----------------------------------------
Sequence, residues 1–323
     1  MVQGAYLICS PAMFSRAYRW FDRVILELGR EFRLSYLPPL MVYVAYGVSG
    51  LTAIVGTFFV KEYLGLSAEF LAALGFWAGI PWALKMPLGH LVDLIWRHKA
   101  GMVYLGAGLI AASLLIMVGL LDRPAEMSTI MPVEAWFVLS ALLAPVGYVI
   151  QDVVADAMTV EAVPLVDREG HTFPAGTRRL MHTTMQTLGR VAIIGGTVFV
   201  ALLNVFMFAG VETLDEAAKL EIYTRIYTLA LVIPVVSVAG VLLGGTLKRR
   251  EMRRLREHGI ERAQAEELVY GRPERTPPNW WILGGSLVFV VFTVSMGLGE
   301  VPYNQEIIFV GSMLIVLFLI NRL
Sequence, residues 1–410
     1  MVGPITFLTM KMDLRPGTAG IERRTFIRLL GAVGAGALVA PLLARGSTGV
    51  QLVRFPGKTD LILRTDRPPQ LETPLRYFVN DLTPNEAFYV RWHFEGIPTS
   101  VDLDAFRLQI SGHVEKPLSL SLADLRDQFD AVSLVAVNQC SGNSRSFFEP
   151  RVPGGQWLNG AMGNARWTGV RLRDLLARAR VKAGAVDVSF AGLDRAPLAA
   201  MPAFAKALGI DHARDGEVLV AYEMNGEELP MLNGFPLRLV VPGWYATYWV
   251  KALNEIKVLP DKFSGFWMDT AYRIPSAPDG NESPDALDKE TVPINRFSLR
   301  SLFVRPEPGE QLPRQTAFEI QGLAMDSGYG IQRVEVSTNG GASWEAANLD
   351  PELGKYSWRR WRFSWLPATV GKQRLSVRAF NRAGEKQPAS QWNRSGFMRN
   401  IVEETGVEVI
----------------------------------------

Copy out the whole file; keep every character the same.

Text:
Sequence, residues 1–323
     1  MVQGAYLICS PAMFSRAYRW FDRVILELGR EFRLSYLPPL MVYVAYGVSG
    51  LTAIVGTFFV KEYLGLSAEF LAALGFWAGI PWALKMPLGH LVDLIWRHKA
   101  GMVYLGAGLI AASLLIMVGL LDRPAEMSTI MPVEAWFVLS ALLAPVGYVI
   151  QDVVADAMTV EAVPLVDREG HTFPAGTRRL MHTTMQTLGR VAIIGGTVFV
   201  ALLNVFMFAG VETLDEAAKL EIYTRIYTLA LVIPVVSVAG VLLGGTLKRR
   251  EMRRLREHGI ERAQAEELVY GRPERTPPNW WILGGSLVFV VFTVSMGLGE
   301  VPYNQEIIFV GSMLIVLFLI NRL
Sequence, residues 1–410
     1  MVGPITFLTM KMDLRPGTAG IERRTFIRLL GAVGAGALVA PLLARGSTGV
    51  QLVRFPGKTD LILRTDRPPQ LETPLRYFVN DLTPNEAFYV RWHFEGIPTS
   101  VDLDAFRLQI SGHVEKPLSL SLADLRDQFD AVSLVAVNQC SGNSRSFFEP
   151  RVPGGQWLNG AMGNARWTGV RLRDLLARAR VKAGAVDVSF AGLDRAPLAA
   201  MPAFAKALGI DHARDGEVLV AYEMNGEELP MLNGFPLRLV VPGWYATYWV
   251  KALNEIKVLP DKFSGFWMDT AYRIPSAPDG NESPDALDKE TVPINRFSLR
   301  SLFVRPEPGE QLPRQTAFEI QGLAMDSGYG IQRVEVSTNG GASWEAANLD
   351  PELGKYSWRR WRFSWLPATV GKQRLSVRAF NRAGEKQPAS QWNRSGFMRN
   401  IVEETGVEVI